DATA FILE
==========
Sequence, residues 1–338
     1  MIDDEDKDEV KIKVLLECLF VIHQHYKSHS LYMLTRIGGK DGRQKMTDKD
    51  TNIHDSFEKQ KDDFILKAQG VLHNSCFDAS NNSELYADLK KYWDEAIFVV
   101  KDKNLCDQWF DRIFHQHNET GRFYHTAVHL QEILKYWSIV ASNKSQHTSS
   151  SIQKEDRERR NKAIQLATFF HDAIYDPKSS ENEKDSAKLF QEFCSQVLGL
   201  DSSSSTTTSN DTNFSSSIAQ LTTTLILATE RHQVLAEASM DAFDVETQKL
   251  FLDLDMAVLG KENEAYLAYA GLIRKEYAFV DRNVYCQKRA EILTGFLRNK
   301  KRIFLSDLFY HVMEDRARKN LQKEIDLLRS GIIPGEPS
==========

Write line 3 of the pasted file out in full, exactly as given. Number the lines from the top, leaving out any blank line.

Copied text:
    51  TNIHDSFEKQ KDDFILKAQG VLHNSCFDAS NNSELYADLK KYWDEAIFVV